What You Need to Know About This Year’s Worst Computer Virus


There are billions of variants of malware floating around the web, and not all of them have names. Most are constructed from the same basic code and cause the same simple problems for users, which means they are easily blocked by firewalls and other rudimentary cybersecurity solutions.

Yet, every once in a while, a malware is unleashed on the internet that causes a noteworthy level of devastation. Recently, the Clop Ransomware earned this distinction, causing an unprecedented level of harm to businesses, organizations and, more recently, regular web users. If you want to protect yourself against the year’s worst virus, read on to learn everything there is to know about Clop.

Clop’s Origins

Clop Ransomware was created by a Russian hacking group, which is now known by the same monicker: CLOP, which derives from the Russian word “klop,” meaning bedbug. The hackers have become somewhat of a global nuisance, hacking their way into extremely high-profile organizations, like Shell, the BBC and various U.S. government agencies at both state and federal levels. It is currently unclear whether CLOP is associated with the Russian government; most Western security experts believe they are a separate entity, but they strongly suspect that any useful information gained from their hacking was probably passed along to the Kremlin. Unfortunately, this includes the data stolen from victims of their ransomware.

Clop’s Operations and Variants

Developed from the widespread CryptoMix ransomware, Clop Ransomware operates in a similar way. Once installed on a device, Clop encrypts all the data it finds and renames files by adding a new file extension, .clop. Clop tends to look for caches that are more likely to contain valuable data, like data backups, vouchers, email lists and financial records. In some instances, the hackers will leak portions of the confidential information they find and threaten to leak the rest unless a ransom is paid.

Unlike other ransomware programs, which tend to target regular web users, Clop Ransomware is known as a “big game hunter,” targeting organizations with massive budgets that can afford to pay large ransoms. Some of Clop’s ransoms have been as high as $20 million — and they have been paid more often than cybersecurity experts would like to admit.

To ensure their ransomware hits high-profile, high-budget targets, CLOP uses phishing campaigns to infect new devices. Posing as legitimate emails or software updates, messages from CLOP contain malicious links that allow the ransomware to download and install. During this process, Clop covertly disables Windows Defender and Microsoft Security Essentials, making it less likely that the virus will be discovered before it can establish itself on the system. As awareness of Clop Ransomware has spread, the hacking group and others have created variants with more sophisticated delivery methods, but they mostly deploy their attacks in the same way.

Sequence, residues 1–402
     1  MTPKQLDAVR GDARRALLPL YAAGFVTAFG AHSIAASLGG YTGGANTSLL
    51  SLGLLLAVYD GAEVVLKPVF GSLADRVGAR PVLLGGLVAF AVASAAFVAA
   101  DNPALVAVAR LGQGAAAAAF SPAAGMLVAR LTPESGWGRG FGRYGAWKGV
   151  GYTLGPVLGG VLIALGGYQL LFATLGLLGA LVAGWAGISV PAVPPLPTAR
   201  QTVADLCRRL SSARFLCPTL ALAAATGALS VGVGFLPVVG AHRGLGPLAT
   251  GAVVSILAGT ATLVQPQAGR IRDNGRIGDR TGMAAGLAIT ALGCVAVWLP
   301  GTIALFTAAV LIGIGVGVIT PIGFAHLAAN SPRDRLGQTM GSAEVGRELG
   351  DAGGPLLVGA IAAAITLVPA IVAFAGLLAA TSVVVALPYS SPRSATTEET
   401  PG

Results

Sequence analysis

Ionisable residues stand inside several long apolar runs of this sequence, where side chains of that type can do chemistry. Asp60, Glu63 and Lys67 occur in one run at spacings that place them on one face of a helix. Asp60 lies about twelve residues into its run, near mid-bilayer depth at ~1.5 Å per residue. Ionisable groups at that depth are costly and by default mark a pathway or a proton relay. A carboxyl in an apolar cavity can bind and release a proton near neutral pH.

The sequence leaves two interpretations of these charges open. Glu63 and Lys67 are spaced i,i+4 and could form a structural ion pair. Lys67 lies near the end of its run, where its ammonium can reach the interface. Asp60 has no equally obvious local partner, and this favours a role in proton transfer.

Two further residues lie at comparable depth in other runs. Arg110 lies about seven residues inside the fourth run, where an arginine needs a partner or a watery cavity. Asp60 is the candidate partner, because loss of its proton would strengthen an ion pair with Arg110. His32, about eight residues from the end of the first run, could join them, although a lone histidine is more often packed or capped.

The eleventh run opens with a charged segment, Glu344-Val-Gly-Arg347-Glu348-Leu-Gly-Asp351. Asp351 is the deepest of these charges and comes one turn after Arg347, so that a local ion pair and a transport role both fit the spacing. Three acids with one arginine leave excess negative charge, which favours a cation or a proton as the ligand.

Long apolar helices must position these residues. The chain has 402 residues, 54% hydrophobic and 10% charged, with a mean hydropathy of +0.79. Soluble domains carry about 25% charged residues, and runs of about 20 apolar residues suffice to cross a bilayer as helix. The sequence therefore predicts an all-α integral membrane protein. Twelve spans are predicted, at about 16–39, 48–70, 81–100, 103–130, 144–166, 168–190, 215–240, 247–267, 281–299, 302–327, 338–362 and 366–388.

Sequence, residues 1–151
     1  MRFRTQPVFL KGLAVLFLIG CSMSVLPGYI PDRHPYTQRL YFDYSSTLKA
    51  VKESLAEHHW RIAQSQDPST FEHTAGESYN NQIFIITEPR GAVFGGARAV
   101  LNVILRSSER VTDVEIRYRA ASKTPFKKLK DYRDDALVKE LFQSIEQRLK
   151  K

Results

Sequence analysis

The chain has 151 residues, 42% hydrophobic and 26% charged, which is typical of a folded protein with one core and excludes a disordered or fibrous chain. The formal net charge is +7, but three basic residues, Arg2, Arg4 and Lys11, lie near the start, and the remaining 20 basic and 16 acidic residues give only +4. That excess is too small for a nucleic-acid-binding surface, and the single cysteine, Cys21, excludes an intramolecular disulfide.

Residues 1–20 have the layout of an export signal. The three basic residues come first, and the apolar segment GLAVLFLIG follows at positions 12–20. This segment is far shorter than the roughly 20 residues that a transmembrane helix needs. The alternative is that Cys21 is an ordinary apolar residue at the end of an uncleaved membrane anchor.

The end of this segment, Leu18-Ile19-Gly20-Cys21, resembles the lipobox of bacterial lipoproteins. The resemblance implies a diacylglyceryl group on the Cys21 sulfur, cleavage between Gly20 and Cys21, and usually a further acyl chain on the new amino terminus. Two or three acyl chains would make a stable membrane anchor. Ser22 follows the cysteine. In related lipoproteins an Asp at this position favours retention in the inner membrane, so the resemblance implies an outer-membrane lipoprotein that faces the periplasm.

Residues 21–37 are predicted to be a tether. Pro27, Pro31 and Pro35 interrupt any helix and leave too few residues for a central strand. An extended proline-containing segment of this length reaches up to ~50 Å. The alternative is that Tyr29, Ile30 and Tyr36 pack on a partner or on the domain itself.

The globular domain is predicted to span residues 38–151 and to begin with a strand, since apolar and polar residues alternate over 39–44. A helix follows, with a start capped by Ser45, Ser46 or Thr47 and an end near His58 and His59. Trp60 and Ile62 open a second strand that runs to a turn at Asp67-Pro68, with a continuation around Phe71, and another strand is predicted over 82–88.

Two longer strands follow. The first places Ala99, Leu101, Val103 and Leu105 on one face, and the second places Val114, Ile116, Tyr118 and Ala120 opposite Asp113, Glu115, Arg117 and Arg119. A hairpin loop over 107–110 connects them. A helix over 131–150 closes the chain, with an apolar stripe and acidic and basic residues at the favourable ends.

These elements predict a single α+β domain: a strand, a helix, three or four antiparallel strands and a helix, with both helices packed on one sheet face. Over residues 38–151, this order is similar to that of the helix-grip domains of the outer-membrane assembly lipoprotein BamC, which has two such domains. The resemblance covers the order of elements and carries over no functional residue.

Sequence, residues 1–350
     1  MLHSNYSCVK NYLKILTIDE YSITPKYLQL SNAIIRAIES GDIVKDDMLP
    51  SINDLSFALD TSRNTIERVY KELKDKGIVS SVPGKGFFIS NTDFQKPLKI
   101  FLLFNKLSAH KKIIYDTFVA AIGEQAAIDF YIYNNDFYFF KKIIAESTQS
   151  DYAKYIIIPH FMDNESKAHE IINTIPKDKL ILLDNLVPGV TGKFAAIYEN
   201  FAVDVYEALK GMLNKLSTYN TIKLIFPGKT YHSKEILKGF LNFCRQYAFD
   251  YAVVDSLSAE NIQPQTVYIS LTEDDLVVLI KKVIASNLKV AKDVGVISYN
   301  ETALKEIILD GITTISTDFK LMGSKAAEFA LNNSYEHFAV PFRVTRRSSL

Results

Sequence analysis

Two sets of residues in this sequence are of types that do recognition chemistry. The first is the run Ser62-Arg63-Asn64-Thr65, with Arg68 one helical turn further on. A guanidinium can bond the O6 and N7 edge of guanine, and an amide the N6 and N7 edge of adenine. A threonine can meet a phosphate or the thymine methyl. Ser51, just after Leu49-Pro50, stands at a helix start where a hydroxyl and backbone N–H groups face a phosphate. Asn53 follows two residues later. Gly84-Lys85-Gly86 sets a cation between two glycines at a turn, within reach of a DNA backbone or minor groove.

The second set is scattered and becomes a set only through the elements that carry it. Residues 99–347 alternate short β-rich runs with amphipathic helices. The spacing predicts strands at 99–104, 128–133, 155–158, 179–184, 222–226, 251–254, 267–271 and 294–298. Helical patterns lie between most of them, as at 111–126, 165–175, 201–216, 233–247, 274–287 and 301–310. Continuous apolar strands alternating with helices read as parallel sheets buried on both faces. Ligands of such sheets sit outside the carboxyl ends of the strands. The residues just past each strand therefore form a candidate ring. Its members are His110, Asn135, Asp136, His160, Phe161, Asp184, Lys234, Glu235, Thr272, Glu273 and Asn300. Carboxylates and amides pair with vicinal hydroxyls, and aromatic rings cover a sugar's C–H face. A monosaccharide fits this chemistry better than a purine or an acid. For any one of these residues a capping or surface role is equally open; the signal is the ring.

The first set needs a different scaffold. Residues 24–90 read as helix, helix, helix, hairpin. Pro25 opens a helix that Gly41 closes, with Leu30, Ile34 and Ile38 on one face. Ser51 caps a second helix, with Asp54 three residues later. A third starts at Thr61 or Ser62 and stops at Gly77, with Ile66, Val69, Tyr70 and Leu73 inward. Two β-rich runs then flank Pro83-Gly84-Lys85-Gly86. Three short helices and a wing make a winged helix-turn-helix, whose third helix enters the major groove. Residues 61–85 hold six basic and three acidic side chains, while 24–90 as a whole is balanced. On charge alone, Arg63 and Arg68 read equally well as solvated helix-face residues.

Stopping Clop

Currently, CLOP is focusing its efforts on infiltrating large organizations, but most ransomwares eventually break loose to attack regular web users — and already, Clop is popping up around the internet to do just that. Suffice to say that if an enormous corporation with a well-funded cybersecurity team struggles to fend off Clop once it has been downloaded and installed on their network, you as an average user stand little chance of retrieving your data unscathed without paying a steep ransom. Your best chance of surviving Clop Ransomware with your device intact is avoiding infection entirely.

The key to preventing a Clop Ransomware infection on your device is avoiding the malicious links that carry the virus. If you haven’t already, you should develop a good sense of cyber hygiene, which should help you identify suspicious messages and provide you with alternatives to clicking on potentially corrupt links.

Additionally, you should consider installing a secondary antivirus solution on every device you use. While Clop can disable the rudimentary security tools built into computers and other devices, it might not be able to evade detection from a more robust security suite, and early identification and quarantine could save your devices and data from destruction.

Clop Ransomware has risen to the top of the threat list for all web users in 2023, and it will likely remain a frightening menace online for years to come. By knowing more about Clop today and taking the right precautions to protect yourself and your data, you should be able to avoid Clop into the future.

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